By Seth Daniel
Revere School officials have been crunching MCAS numbers and reported that scores are strong in the elementary schools, though certain subgroups in the high school are weighing down that school’s overall achievement.
The schools presented the analyzed scores to the School Committee over the last week, and noted that even though scores are steady and mostly at or above the state averages – scores of those in the English Language Learners (ELL) subgroup at Revere High School (RHS) have caused the school to be knocked down to a Level 3 school.
Just a few years ago the high school was celebrated as a Level 1 school.
The frustrating part about the lower designation, Supt. Dianne Kelly said, is that most scores have stayed at the same high level for several years.
In 2014, in math, RHS 10th graders (the only high schoolers who take the MCAS) scored 76 percent advanced/proficient. This year, they scored a 75 percent.
For English Language Arts (ELA), in 2014 they scored 88 percent, and this year they also scored an 88 percent.
What’s happened, Kelly said, is that some sub-groups – including the ELL students – have not met their benchmarks for improvement. Not meeting one’s benchmarks in a subgroup, under the scoring rules, causes the entire school to be knocked down a level. That has happened now twice, with the high school going from Level 1 to Level 2 and now a Level 3.
“A school is judged on its lowest subgroups and every single subgroup has to be at a high level for the entire school to be at a high level,” she said. “Having that does help us focus more on areas we need to focus on, certainly. It’s just that one subgroup is the only way they characterize achievement at RHS. That’s too bad because we know there are very great things continuing to happen at the high schools, things that are beyond just MCAS.”
That said, Kelly indicated they have come up with a plan to work on getting ELL student scores up.
She said it is a challenge, though, as so many students in that population come and go between districts. For example, between September and June last year, more than 100 new ELL students entered the high school. To know that they were brought up to where they are now is certainly an achievement, but Kelly said Deputy Supt. Danielle Mokaba is leading a plan to study and overhaul ELL education in Revere.
“One thing the high school has done to counter this is to increase the numbers of teachers for ELL,” she said. “That scaling up seems to be a way to give the kids everything they need to be successful, and will help us close this gap in achievement.”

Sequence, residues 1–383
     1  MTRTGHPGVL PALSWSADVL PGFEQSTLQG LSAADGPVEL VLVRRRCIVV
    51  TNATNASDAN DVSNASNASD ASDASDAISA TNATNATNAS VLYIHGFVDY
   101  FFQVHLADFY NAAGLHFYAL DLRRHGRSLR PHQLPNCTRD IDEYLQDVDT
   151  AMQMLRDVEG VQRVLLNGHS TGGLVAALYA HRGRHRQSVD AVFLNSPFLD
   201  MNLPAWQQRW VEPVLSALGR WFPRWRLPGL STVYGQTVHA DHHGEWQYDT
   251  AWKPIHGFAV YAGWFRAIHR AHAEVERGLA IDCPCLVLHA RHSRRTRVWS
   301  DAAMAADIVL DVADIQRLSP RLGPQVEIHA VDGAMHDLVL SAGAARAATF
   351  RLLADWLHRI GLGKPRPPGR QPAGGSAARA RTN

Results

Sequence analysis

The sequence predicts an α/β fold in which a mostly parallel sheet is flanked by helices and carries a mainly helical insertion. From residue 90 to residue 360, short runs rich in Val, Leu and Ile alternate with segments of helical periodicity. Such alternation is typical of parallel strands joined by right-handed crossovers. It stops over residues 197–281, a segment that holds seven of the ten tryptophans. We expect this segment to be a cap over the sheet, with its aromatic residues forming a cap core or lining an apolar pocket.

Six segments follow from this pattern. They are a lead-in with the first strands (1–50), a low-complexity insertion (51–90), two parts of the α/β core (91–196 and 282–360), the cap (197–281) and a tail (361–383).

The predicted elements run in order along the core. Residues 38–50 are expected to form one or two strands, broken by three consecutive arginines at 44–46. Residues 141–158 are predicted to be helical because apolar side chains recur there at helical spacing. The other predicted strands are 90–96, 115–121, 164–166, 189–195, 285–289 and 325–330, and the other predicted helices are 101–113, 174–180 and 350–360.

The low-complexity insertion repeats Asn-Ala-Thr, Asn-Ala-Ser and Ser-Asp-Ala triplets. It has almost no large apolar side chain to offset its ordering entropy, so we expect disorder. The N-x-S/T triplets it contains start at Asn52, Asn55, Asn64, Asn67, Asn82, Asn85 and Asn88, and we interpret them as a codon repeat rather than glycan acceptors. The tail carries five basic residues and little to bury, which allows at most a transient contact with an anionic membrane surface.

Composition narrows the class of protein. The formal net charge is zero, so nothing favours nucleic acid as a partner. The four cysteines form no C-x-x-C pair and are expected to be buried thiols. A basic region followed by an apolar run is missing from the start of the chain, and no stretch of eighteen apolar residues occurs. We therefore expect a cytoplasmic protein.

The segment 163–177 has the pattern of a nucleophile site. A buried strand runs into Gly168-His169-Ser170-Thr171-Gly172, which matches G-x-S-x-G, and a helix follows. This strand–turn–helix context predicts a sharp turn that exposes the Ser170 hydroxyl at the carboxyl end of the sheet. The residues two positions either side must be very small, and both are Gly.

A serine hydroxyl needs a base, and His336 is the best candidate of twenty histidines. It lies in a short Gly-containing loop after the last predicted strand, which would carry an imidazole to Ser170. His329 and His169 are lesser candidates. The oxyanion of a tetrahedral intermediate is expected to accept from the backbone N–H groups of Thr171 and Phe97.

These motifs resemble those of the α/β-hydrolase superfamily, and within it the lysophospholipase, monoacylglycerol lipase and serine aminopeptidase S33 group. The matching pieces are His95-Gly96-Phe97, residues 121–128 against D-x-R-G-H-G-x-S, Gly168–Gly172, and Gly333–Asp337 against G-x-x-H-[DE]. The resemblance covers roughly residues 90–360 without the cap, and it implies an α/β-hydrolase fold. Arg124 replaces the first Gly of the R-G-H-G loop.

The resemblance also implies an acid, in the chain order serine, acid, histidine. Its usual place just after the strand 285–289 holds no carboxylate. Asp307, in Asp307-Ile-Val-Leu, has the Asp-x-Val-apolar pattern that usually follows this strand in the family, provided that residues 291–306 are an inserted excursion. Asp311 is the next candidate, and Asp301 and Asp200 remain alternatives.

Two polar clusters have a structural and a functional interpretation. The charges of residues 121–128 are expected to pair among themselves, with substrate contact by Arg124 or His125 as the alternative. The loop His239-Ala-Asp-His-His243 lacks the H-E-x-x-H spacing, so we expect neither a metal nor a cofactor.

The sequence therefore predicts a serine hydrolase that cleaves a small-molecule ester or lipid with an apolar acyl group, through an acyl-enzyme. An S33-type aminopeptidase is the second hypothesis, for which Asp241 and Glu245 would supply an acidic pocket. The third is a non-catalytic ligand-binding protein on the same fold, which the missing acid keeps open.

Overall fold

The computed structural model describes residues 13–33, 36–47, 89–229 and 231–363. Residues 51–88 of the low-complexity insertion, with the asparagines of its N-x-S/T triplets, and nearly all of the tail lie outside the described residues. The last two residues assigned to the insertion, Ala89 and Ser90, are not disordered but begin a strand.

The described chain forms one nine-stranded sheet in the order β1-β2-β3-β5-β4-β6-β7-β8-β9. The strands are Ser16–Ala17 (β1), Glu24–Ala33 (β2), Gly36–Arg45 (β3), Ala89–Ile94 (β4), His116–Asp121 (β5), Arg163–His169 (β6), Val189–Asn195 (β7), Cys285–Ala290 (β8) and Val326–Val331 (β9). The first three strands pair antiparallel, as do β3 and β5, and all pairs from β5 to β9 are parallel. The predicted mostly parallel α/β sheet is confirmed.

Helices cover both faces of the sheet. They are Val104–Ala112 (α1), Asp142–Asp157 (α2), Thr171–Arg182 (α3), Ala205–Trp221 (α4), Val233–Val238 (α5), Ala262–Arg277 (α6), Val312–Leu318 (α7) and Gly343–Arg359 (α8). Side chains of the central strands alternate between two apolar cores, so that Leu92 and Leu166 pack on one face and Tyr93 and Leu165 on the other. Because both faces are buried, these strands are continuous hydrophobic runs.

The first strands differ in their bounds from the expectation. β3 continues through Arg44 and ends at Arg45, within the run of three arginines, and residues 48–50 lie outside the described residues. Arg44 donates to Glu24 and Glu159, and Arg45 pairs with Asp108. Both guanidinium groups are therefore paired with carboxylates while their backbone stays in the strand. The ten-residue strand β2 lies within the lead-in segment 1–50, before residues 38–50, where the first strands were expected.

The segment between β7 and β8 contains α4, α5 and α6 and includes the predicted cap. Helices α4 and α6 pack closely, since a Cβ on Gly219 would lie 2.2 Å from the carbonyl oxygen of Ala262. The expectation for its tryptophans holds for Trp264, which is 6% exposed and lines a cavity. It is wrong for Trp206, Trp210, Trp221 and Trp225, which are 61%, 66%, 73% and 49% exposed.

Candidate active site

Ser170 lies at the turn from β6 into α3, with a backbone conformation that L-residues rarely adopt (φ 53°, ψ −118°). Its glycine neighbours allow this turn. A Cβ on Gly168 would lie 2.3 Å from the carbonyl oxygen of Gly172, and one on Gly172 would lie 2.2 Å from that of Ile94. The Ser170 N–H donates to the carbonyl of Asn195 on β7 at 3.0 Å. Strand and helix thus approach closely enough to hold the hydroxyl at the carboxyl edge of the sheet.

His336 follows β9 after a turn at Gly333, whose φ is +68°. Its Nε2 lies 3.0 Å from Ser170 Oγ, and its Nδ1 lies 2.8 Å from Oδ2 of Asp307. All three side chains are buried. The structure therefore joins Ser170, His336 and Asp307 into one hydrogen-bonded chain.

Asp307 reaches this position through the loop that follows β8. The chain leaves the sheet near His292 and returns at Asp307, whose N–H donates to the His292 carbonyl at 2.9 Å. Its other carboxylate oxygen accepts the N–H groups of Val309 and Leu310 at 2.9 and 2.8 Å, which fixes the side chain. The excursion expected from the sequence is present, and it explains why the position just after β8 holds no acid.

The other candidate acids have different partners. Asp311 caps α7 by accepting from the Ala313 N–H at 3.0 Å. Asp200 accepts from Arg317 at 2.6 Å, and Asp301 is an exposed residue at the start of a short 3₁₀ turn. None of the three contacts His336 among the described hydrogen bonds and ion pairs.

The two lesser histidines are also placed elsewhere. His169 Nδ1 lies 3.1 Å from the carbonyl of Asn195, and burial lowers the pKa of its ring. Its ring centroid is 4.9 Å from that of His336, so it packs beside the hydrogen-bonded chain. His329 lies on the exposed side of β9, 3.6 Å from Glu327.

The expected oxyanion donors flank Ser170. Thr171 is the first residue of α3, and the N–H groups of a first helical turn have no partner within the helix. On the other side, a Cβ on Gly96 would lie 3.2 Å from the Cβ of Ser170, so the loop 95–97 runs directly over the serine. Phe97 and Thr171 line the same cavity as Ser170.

Beyond the high school, scores are looking very good in the elementary schools districtwide.
In Grade 3, which has been a struggling point for many urban schools in the past, Revere scored well above the state average in both math and ELA. In ELA, Revere scored 49 percent advanced/proficient and the state average was 47 percent. In math, Revere scored 53 percent advanced/proficient while the state average was 49 percent.
Historically speaking, the district at one time used to celebrate hitting the stage average at just one school or within one subgroup on one test. Now, an entire grade districtwide is achieving beyond the state average in multiple tests – a figure often lost in the translation of so many numbers and so many high expectations.
In fourth grade, students also scored beyond the stage average, but in fifth grade, scores came in just below the state average in advanced/proficient. That was the same case in sixth grade as well – which is technically the first year of middle school nowadays – with scores coming in only a few points below the state average.
Things, however, took a dip in the seventh and eighth grades, which has been a common refrain in the Revere schools for quite some time.
“We have a little more work to do in fifth grade,” she said. “We were a little behind the state average in math and ELA. That’s going to be an area of focus going forward. In sixth grade, we’re not quite out of the woods in regards to the state average, but when you look at the other urban school’s scores, we are head and shoulders above the rest.”
In seventh grade, students on ELA scored 45 percent advanced/proficient, with the state average being 50 percent. In math, they scored 37 percent and the state average was 47 percent.
In eighth grade, it was 45 percent in Revere, with the state average at 49 percent in ELA. Scores in math were 39 percent in Revere and 48 percent for the state average.
Both science tests in fifth and eighth grade were also significantly lower than the state average districtwide. For the eighth grade science test, Revere scored 26 percent advanced/proficient, while the state average was 40 percent. The fifth grade science test had Revere students at 40 percent and the state average being 46 percent.
Some interesting tidbits about the test, which was taken by students last spring, is that it is a new generation of MCAS test – often called MCAS 2.0 in the media. In Revere, all students took the test on computers; no one used a paper test in the district. Some school districts are still transitioning students to computerized testing, but Revere is far ahead of that curve.
The scoring terms have also changed in the MCAS 2.0, with advanced/proficient now being known as Exceeding Expectations and Meeting Expectations.
“This year is like a baseline and then next year we can really begin to compare these results from the new test with like results going forward,” said Kelly.